Will the State buy back four BOT toll stations?
A government report shows that problems still exist at four BOT (build, operate, transfer) toll stations. Because of their special properties, it has been difficult to maintain their operations.
The government’s report to the National Assembly on October 5 updated the issues with problematic BOT toll stations that the public has complained about.
To date, the problems at 15 out of 19 toll stations have been settled, and traffic safety and public order have been stabilized. Meanwhile, the problems of the other four stations have not been settled because of special conditions.
Bim Son Station which collects fee for the bypass in the western part of Thanh Hoa City, is one of them. The station is located outside the project. If fees continue to be collected, this may cause risks in public order and traffic safety.
Implementing the government’s conclusions released on June 26, 2019, the Directorate for Roads joined forces with authorities of Thanh Hoa province and investors to consider a plan to relocate the station to the western bypass.
However, since there are three parallel lines (Highway 1 which goes through Thanh Hoa City, eastern bypass and western bypass) and there are many intersections on the route, vehicles can avoid the station. Therefore, the existence of a toll station on the western bypass won’t help to collect fees to recover the investment capital for the BOT project.
The solution under consideration now is using the state’s money to pay the investors.
The toll station on Highway No 3 which collects fee for the BOT project on building Thai Nguyen – Cho Moi Road and upgrading the Highway No 3 (Km 75 – Km 100) is in the same situation.
|A government report shows that problems still exist at four BOT (build, operate, transfer) toll stations. Because of their special properties, it has been difficult to maintain their operations.|
The Ministry of Transport (MOT), after working sessions with the Thai Nguyen provincial authorities, have agreed on reducing the fee and made public the reductions.
However, according to the Thai Nguyen People’s Committee, many people have disagreed, gathering at the toll station and the province’s Citizen Reception, requesting to remove the station and asking for a dialogue with agencies.
As instructed by the Prime Minister, MOT and the provincial authorities worked on a solution to ensure the public order security and traffic safety before allowing the investors to collect fees at the Highway No 3 station in accordance with the fee reduction plan.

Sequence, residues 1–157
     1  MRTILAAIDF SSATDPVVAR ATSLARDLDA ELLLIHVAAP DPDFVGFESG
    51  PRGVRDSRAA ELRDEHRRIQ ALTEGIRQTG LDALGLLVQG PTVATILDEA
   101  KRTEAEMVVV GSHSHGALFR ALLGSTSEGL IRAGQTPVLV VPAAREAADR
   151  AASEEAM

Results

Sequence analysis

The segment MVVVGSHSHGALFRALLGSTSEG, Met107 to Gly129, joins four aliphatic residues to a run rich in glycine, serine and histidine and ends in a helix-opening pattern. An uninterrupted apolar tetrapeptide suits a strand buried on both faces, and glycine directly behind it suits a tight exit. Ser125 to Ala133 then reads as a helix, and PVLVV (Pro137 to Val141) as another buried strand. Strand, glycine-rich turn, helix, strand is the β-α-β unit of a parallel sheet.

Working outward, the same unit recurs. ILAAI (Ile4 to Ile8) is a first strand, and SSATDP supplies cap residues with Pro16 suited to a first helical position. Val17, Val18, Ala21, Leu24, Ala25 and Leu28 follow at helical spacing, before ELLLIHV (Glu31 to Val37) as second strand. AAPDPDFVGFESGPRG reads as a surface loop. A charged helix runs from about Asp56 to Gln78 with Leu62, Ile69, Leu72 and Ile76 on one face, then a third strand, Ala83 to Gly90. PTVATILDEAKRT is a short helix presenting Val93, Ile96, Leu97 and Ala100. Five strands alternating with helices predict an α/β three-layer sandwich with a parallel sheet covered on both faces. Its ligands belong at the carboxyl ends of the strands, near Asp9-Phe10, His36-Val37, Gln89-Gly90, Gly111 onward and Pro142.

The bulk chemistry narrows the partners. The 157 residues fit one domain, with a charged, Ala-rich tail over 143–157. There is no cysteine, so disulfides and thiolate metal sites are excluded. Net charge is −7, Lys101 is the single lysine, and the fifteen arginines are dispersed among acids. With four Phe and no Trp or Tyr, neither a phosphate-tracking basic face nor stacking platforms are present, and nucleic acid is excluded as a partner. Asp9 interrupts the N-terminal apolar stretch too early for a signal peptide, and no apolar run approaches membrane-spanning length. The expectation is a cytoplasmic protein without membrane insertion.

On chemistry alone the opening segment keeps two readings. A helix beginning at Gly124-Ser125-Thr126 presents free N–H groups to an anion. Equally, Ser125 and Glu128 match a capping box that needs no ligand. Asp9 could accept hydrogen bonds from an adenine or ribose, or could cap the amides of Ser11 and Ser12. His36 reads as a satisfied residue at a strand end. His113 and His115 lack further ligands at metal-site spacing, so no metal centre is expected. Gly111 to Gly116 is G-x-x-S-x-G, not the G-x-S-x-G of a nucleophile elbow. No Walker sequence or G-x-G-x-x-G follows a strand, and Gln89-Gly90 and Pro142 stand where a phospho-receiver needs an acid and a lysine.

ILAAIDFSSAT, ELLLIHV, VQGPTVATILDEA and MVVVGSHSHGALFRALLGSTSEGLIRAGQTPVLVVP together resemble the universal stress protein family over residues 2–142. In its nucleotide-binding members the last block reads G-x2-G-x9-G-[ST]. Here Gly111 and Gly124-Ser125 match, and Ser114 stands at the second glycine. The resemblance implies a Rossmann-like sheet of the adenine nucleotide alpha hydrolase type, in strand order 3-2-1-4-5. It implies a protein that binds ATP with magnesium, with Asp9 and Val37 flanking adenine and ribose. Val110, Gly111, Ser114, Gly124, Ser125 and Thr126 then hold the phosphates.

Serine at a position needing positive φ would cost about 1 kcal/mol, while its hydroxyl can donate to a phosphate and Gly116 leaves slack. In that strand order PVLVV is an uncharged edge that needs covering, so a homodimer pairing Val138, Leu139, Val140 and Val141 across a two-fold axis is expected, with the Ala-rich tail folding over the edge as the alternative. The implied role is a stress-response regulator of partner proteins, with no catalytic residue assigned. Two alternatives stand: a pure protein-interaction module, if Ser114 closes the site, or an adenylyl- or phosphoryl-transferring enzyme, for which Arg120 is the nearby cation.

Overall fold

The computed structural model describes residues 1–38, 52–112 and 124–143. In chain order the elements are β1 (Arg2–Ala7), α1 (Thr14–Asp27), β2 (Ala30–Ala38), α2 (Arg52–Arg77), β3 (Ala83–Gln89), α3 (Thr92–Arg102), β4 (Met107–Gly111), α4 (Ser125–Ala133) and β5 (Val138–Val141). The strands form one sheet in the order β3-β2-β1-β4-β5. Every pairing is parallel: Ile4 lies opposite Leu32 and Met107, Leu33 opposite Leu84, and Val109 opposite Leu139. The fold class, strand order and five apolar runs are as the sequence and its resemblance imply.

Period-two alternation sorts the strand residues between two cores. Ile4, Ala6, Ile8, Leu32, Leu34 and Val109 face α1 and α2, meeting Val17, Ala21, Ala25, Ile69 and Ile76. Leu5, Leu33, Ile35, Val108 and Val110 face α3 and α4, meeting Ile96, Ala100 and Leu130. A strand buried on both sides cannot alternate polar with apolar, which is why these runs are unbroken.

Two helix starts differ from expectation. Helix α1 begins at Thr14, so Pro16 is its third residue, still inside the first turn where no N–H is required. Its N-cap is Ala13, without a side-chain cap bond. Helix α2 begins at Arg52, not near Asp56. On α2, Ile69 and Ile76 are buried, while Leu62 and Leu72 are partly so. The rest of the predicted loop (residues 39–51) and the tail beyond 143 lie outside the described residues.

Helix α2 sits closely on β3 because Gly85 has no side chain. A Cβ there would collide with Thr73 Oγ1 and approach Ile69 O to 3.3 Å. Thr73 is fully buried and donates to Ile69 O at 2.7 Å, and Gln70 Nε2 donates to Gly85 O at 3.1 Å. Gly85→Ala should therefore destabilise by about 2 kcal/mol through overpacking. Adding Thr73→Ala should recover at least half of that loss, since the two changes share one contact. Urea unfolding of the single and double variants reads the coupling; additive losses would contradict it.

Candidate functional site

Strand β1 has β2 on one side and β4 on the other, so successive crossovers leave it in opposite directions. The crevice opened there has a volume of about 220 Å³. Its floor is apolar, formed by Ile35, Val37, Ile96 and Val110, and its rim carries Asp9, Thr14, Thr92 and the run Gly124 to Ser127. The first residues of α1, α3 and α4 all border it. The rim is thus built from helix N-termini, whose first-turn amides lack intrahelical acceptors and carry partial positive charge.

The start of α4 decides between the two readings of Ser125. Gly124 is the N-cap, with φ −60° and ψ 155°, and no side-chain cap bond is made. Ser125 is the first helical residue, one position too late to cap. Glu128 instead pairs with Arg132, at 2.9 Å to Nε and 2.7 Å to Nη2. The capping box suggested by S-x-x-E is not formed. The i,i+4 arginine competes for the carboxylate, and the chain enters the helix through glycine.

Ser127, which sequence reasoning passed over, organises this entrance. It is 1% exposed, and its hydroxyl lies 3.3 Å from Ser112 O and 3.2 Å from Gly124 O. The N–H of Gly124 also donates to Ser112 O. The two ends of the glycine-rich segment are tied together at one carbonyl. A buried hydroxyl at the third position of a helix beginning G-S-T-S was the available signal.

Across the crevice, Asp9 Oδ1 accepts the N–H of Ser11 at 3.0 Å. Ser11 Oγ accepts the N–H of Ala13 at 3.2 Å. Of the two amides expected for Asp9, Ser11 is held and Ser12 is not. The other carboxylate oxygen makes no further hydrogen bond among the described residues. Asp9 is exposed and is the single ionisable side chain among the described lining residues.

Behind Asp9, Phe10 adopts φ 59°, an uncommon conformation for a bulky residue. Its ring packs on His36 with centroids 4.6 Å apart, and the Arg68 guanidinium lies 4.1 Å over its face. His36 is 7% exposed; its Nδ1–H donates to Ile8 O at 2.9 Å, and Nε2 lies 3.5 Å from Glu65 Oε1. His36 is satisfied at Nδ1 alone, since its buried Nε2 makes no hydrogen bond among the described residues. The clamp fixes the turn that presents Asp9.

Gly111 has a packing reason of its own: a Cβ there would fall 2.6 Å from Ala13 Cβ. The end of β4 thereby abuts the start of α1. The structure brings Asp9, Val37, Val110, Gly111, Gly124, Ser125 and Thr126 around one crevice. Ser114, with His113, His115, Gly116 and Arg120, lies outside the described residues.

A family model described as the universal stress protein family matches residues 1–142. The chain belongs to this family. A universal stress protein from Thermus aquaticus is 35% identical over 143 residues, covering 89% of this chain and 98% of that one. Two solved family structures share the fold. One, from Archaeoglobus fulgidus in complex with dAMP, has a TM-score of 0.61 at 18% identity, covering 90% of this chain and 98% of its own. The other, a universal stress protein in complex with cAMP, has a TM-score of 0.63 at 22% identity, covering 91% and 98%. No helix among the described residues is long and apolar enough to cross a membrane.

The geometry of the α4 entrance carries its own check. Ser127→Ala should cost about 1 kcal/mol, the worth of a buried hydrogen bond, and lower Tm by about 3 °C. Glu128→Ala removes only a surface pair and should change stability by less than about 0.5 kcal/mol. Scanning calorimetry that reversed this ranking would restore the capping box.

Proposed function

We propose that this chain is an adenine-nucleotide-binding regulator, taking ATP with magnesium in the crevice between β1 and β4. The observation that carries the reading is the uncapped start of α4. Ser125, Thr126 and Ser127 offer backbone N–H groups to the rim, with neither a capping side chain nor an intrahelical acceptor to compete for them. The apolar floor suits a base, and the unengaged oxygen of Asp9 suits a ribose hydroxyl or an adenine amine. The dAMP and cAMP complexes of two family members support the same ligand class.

However, the local authorities warned that some problems in security may arise.
“If the situation becomes too complicated, the ministry will stop collecting fees and ask the Prime Minister to arrange state money to pay the investors and remove the toll collection on Highway 3,” the report said.
As for T2 Station, which collects fee for the BOT project on upgrading Highways 91 and 91B, the report said MOT and relevant agencies, after considering the public order and security, have agreed that it would be better not to continue to collect the fee at T2.
They will report to appropriate agencies and ask for allocation from the state budget to support the investments for Highway 91B, and assign the Can Tho City People’s Committee to take over, manage and maintain the highway.
Regarding the La Son – Tuy Loan Station, the Ministry of Finance has proposed not to use the station to collect fee to recover the investment capital of the project, but use the state budget.
The viewpoint of MOT and the Ministry of Justice is that the fee collection of La Son – Tuy Loan Station is not covered by the Law on Management and use of public property, so the fee collection should be allowed to continue.
The report also pointed out that difficulties in handling the problems at these stations have led to decreases in the projects’ revenue.
Experts have warned that if the problems cannot be solved, financial plans will be upset, and bad debts will increase, thus affecting the nation’s monetary management policy and the investment environment and putting pressure on the state budget.
Regarding the road service fee remissions, the government’s report pointed out that fee exemption and reductions have been proposed for 100 percent of the BOT projects put under the management of MOT.
Under the contracts signed with the investors, the prices will be adjusted once every three years and the fee will increase by 18 percent for every adjustment after getting approval from state agencies.
The fee increase is due for 49 projects. However, the government has instructed not to raise the fees now. So, many financial plans will be "broken" if the price adjustment is delayed to 2022.
A series of build-operate-transfer power projects are lagging behind set schedules by as much as a year due to the global pandemic, threading concern into the power supply issue in the coming time.
Forty-nine BOT (build-operate-transfer) transport projects have been reported as having revenue below expectations.